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Taxpayers must pay the freight for over-budget train projects
Topic - Mehdi Ouazzani
With Darren Aronofsky's "Noah" and Ridley Scott's "Exodus" preparing to duke it out for Old Testament auteur supremacy, Hollywood's religious renaissance gets off to a none-too-spectacular start with a chewed-over New Testament appetizer called "Son of God." A clumsily edited feature-length version of five episodes from History's hugely popular 10-hour miniseries "The Bible," this stiff, earnest production plays like a half-hearted throwback to the British-accented biblical dramas of yesteryear, its small-screen genesis all too apparent in its Swiss-cheese construction and subpar production values. Yet while Jesus' teachings have been reduced to a muddle of kindly gestures and mangled Scriptures, the scenes of his betrayal, death and resurrection crucially retain their emotional and dramatic power, which the charitable viewer may deem atonement enough for what feels, in all other respects, like a cynical cash grab.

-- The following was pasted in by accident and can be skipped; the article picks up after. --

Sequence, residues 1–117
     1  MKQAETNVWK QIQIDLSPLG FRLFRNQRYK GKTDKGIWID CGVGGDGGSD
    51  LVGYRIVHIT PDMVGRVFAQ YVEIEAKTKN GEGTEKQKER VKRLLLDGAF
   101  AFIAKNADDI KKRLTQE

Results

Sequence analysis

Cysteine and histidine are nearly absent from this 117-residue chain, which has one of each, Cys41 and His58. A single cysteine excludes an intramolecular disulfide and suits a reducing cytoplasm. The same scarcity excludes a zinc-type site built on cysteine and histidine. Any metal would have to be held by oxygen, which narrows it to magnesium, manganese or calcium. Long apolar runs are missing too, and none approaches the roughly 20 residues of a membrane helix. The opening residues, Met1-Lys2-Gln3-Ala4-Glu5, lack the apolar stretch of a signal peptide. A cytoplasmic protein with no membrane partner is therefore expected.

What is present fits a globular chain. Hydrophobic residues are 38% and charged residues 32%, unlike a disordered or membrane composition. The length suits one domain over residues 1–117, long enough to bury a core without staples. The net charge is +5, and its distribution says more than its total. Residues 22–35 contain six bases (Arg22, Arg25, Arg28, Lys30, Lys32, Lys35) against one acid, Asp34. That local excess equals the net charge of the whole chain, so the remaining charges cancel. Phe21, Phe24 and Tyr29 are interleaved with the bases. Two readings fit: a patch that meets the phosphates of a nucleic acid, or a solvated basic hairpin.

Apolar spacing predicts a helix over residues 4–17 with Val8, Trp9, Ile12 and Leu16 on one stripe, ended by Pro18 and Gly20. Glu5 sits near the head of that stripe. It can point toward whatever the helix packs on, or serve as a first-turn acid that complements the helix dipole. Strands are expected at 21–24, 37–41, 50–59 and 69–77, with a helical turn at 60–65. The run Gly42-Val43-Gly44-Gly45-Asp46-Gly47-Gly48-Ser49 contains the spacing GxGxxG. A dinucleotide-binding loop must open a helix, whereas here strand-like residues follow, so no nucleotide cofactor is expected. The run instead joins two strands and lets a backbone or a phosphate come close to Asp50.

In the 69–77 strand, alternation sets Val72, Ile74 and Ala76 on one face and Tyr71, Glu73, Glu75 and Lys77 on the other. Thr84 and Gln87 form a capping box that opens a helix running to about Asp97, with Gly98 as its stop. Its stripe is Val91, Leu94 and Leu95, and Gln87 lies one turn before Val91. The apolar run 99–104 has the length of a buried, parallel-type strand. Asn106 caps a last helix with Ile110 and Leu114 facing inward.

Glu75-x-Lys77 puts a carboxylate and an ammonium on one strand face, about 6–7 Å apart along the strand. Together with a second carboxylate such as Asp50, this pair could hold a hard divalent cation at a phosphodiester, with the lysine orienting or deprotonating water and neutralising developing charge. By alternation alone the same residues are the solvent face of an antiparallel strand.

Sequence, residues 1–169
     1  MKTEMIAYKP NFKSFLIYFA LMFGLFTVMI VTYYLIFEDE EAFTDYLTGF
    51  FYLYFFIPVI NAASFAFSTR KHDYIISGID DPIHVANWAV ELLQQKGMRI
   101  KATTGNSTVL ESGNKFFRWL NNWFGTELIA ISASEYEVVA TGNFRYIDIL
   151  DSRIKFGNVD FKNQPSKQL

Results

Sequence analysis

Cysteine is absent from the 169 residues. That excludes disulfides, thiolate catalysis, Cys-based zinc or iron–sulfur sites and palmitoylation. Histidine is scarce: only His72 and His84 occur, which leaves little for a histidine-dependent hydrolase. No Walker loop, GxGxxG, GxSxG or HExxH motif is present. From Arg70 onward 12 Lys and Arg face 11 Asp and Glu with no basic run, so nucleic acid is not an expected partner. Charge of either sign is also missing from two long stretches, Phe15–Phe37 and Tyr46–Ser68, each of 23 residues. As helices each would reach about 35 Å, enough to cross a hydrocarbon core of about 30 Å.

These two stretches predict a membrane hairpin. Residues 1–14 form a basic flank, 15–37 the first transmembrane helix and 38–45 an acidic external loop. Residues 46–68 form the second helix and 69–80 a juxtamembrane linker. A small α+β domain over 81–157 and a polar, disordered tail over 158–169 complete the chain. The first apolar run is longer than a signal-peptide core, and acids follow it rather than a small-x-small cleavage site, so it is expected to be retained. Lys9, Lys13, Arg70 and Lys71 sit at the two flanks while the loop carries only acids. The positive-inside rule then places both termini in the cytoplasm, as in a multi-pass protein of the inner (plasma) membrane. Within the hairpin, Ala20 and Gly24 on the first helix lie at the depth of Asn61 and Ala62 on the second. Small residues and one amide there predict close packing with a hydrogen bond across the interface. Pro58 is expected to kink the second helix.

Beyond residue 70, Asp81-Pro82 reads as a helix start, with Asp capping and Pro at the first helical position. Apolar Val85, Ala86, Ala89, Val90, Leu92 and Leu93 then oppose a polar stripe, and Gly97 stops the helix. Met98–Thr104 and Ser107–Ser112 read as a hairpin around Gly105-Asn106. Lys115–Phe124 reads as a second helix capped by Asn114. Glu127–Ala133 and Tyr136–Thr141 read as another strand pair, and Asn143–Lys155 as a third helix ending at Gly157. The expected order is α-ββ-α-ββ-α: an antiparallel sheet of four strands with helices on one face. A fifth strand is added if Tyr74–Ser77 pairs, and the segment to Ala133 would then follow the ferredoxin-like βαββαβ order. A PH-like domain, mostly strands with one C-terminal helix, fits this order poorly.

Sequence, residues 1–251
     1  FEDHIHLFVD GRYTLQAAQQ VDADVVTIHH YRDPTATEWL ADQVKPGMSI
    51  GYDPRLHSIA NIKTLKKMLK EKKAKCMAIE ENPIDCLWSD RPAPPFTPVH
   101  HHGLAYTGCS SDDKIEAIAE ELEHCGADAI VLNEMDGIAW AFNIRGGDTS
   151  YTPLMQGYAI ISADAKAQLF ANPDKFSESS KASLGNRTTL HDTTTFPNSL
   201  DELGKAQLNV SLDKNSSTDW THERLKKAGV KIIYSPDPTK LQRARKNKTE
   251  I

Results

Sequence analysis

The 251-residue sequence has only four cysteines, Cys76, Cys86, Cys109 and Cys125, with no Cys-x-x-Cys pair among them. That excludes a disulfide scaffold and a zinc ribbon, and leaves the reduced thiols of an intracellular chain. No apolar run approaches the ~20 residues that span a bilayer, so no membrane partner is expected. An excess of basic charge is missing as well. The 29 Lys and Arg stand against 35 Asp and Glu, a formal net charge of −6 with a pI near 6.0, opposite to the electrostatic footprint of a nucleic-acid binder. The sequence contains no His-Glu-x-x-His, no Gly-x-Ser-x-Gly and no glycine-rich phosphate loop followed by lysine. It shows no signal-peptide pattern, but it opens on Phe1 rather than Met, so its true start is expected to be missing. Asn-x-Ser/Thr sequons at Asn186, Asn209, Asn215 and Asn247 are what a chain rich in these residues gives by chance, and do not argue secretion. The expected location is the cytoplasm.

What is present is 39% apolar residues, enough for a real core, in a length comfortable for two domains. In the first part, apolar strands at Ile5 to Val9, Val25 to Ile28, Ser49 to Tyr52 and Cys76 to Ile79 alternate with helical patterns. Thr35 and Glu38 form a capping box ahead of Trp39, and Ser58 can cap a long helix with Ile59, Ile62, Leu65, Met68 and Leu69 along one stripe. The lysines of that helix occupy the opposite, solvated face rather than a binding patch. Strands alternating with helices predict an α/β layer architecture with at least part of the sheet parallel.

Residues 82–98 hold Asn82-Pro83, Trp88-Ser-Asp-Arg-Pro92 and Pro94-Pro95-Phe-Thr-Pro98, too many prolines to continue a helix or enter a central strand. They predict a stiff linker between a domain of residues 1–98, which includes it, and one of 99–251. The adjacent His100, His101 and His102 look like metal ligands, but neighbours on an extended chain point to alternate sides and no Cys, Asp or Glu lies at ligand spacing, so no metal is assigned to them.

Mehdi Ouazzani isn’t the devil, but he has played one on TV — in the popular five-part miniseries “The Bible” — only he didn’t realize that some thought he looked like President Barack Obama while he was at it.
“Before you go to the set, there was a special person who knows about serpents and scorpions and they go through and clean everything,” said Mr. Ouazzani, describing how one of the snake wranglers even caught one in the middle of production.
“For someone like me, a simple unknown actor, to find himself in a controversy like this – even though it’s nonsense – it makes me known around the world, so it’s something positive,” he said with a chuckle.